Tourism

Role players
Tourism in the provinces

 

 

 

Tourism remains a key driver of South Africa’s national economy and contributes to job creation. The tourism industry is a major contributor to the South African economy and employment of citizens.

The sector contributes about 9% to the country’s gross domestic product.

A total of 8 903 773 foreign tourists visited South Africa in 2015. Over 1,6 million local and international tourists visited the Kruger National Park in 2015, one of the favourite destinations. During the same year, government introduced far-reaching immigration regulations to combat child traffck- ing and improve security at South Africa’s points of entry.

According to research conducted by the National Convention Bureau, 40% of all convention delegates attending meetings in South Africa return in the next fve years as tourists, thus boosting tourism growth and job creation.

Tourism Month is celebrated annually in September with the aim of encouraging South Africans to explore their own country. It also provides the tourism industry with an opportunity for a sustained, heightened month-long focus on the importance of domestic tourism to the economy.

Role players

South African Tourism (SAT)

Business tourism has also increased, especially since the establishment of the country’s first South African National Convention Bureau (SANCB) as a business unit under South Africa Tourism (SAT).

SAT’s Sho’t Left marketing campaign for domestic tourists is already delivering results.

The "It’s Here, Vaya Mzansi" campaign is an industry-wide project that relies on collaboration and partnership from the wider industry for success and to grow domestic leisure travel to meet targets. SAT partnered with more than 50 tourism companies in South Africa to create discount vouch- ers ranging from tour-operator services,  accommodation and experiences including wine tastings, canopy tours and hiking.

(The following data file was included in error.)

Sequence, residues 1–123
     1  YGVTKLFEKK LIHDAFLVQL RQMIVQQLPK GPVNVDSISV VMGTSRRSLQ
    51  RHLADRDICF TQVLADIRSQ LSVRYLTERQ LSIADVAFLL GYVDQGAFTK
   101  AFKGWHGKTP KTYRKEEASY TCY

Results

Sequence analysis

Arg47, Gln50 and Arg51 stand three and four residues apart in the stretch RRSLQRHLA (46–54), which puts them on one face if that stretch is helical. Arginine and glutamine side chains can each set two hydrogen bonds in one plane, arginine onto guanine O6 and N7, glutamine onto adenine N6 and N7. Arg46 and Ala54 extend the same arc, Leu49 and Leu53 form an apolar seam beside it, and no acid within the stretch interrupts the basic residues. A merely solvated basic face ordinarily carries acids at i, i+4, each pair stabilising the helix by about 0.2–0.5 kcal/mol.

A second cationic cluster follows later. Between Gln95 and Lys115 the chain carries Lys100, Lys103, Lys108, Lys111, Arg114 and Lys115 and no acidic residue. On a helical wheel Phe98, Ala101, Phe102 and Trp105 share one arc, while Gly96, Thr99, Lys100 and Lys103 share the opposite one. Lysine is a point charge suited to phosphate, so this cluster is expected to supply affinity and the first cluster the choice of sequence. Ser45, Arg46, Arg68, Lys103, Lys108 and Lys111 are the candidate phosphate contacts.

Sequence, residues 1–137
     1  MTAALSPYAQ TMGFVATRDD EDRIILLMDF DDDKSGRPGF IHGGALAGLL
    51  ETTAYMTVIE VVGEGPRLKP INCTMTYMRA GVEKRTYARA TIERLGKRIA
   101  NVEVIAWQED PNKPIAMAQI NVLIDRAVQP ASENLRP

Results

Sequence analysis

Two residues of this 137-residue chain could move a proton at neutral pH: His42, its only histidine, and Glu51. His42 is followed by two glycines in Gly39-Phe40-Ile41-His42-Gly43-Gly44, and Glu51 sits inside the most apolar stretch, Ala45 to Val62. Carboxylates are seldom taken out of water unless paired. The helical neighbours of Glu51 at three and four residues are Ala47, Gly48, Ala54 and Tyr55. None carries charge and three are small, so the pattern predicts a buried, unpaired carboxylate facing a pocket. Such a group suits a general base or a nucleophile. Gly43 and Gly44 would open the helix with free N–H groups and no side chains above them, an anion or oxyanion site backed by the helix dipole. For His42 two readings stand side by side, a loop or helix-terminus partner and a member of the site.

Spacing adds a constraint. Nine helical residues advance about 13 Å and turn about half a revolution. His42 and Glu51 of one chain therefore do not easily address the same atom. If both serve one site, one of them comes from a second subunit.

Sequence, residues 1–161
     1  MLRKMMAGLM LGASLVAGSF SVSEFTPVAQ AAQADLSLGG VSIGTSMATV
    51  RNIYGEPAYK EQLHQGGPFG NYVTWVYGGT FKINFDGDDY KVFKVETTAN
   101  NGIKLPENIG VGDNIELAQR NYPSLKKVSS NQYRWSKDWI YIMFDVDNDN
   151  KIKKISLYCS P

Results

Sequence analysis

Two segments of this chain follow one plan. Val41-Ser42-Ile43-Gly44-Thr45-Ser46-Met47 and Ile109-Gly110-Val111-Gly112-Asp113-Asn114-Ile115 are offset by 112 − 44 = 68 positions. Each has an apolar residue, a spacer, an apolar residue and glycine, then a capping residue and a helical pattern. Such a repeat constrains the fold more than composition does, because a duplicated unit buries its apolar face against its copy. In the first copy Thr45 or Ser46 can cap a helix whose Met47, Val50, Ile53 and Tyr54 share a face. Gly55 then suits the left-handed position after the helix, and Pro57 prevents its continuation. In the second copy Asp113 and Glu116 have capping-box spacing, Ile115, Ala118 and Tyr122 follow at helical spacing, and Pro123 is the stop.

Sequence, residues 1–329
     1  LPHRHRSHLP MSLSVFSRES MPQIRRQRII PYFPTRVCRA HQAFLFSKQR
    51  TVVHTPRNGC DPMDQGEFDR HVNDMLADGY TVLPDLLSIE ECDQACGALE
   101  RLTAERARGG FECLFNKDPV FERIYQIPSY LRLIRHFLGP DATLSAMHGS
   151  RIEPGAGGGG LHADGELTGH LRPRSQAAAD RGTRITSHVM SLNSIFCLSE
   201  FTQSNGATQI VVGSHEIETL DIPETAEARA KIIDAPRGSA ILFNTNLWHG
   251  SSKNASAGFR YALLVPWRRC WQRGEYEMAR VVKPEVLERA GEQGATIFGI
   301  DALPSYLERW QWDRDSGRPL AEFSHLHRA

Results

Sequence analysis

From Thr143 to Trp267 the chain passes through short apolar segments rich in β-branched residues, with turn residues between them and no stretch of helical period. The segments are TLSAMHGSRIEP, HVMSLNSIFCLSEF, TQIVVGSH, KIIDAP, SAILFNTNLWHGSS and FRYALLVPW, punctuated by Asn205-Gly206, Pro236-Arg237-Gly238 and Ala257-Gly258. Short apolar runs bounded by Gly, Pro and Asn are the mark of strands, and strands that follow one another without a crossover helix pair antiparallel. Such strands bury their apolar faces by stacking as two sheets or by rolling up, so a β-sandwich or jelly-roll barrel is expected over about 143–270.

Tourism Enterprise Partnership (TEP)

The Department of Tourism has established an Enterprise Development PMU following the conclusion of the Tourism Enterprise Partnership (TEP) contract on 31 March 2016.

TEP is a non-proft company that facilitates the growth, development and sustainability of small tourism businesses.

The Enterprise Development Programme will focus on the following areas: Enterprise Development Online Information Portal; Business Advisory Services; Tourism Incubator Hubs Establishment, and Stakeholder Engagement. There will also be continued support of 100 rural tourism enterprises with coaching and mentorship.

Tourism Indaba

The Tourism Indaba held from 9 to 11 May 2015, provided an opportunity to showcase South Africa and its people.

The Department of Tourism and SAT held the Indaba at the Inkosi Albert Luthuli International Convention Centre in Durban.

The annual Tourism Indaba is one of the largest tourism marketing events in Africa and one of the top-three events of its kind in the world. It showcases a wide variety of southern Africa’s best tourism products and attracts international visitors and media from across the world.

This Pan-African event is a critical platform to promote local tourism products to the international market. It also supports the strategic vision of the National Tourism Sector Strategy to grow international arrivals to 15 million by 2020 and therefore create 225 000 new jobs.

Tourism Grading Council of South Africa (TGCSA)

Operating as a business unit of SAT, the TGCSA is the only recognised and globally credible quality assurance body for tourism products in South Africa.

Tourism in the provinces

Western Cape

The Western Cape is South Africa’s most developed tourism region.

The tourism industry in the province has grown faster and created more jobs than any other industry.

One in 10 employees in the Western Cape earns a living in the tourism industry, and it contributes more than R25 billion to the provincial economy.

Key attractions

  • Table Mountain, which forms part of the Table Mountain National Park, is one of the official New Seven Wonders of Nature, following a lengthy international public voting process. A modern cableway takes visitors to the top of the mountain, providing spectacular views.
  • The Victoria and Alfred (V&A) Waterfront, the Company’s Gardens, the District Six Museum, the houses of Parliament and the South African National Gallery.
  • The Nelson Mandela Gateway to Robben Island is in the Clock Tower Precinct at the V&A Waterfront. It houses interactive multimedia exhibitions, an auditorium, boardrooms, the Robben Island Museum and a restaurant.